Supposedly, the story was that we only needed to stop for fuel for 30 minutes, wouldn’t be deplaning, and would be back in the air after 30 minutes. All of those things ended up being false.

After realizing the fellow in a grey, fitted baseball cap was Berglund, I decided to explain the situation to him. It was probably scary being from another country in a place you don’t know, going to a place you don’t know, and then having your destination changed to another place you don’t know. It was understandably overwhelming, even for me, at times.

As our quick talk turned into a full-blown conversation, melting away the hours-long delay, all Berglund could talk about was how excited he was to be a Flyers player.

“How’s the weather over there?”

Berglund couldn’t stand the blistering heat in Las Vegas much longer than the weekend he was already there for.

“I stayed inside pretty much the whole time.”

Soon after, we all piled into the plane cabin one after another. Philadelphia eagerly awaited us after our near five-hour flight, just as the Flyers awaited their newly selected prospects. And for a while, things were looking nice.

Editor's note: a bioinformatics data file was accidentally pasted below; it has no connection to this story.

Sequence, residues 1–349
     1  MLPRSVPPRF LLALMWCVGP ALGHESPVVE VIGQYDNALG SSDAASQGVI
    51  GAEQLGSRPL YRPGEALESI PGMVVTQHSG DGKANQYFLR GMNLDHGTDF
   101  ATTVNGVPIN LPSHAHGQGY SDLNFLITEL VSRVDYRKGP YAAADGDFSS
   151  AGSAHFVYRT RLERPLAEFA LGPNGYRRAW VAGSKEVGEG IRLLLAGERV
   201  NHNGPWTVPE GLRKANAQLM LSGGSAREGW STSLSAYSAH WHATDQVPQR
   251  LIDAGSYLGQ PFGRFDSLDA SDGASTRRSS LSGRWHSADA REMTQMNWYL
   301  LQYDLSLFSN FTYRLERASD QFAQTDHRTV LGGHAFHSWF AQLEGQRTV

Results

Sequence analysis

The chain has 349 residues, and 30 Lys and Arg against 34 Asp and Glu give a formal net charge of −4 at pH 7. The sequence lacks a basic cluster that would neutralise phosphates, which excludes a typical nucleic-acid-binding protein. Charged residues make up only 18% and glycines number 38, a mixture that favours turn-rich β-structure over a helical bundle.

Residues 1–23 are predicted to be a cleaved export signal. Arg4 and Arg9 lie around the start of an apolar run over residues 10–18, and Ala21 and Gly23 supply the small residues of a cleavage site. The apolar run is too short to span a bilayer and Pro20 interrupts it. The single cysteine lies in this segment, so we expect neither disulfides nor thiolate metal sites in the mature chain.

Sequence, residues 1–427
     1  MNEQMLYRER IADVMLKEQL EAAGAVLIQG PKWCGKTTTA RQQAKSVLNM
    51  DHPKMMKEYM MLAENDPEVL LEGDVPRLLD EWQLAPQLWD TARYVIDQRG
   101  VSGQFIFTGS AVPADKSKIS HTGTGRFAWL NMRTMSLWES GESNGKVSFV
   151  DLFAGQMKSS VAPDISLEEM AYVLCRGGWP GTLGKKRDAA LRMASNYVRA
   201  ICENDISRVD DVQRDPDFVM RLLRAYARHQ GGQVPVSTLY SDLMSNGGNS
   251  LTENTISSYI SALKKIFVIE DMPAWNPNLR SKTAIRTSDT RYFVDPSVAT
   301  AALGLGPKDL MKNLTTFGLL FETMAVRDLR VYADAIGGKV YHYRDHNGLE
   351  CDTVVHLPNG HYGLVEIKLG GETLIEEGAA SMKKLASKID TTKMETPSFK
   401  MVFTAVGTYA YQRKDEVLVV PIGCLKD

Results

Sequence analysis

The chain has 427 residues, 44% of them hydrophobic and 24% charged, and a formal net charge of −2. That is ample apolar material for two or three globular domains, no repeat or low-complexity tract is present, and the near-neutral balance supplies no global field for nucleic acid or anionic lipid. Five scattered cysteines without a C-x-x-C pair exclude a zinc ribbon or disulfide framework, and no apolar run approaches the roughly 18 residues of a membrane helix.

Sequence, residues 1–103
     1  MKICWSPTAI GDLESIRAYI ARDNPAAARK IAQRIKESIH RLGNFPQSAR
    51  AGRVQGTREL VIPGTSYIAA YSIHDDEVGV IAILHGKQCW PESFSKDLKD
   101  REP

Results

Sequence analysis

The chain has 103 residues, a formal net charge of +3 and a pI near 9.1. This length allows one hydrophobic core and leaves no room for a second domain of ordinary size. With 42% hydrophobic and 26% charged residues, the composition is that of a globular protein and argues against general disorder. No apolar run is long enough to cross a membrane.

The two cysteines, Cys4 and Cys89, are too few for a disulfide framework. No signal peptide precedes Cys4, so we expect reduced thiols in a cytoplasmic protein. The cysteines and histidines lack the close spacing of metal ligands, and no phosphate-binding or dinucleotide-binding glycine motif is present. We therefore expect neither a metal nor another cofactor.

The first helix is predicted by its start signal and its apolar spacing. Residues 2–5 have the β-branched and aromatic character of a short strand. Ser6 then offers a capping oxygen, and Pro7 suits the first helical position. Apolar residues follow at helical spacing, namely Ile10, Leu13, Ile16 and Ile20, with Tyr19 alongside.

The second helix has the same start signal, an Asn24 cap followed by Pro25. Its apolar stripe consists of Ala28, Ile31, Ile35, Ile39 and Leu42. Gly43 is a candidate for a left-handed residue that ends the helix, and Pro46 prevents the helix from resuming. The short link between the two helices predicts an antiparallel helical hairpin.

I unknowingly sat behind Gill, who was seated in 13C, in front of me at 14B. Berglund had the aisle seat on the other side of 13, while Moline was somewhere a few rows back, mostly keeping to himself.

We made it to Chicago with no problems, aside from a bit of turbulence going through Colorado and Utah. We landed around 4:30 p.m. local time and waited out the proverbial 30-minute refuel time, though around 5:10, people were starting to get restless and wondered why the plane wasn’t preparing to take off again. We were delayed until 6:30 p.m. local time, and after 45 minutes, that got pushed back to 7:15 p.m.

The plan was for us to deplane, get something to eat, walk around, and begin boarding again at 7:15. I offered to buy the young Flyers food in case they were hungry, weren’t able to afford it, or whatever the case may be. Berglund said that, at one point, he needed to call his dad to pay for something since he only had Apple Pay and needed a physical card, which his dad fortunately had.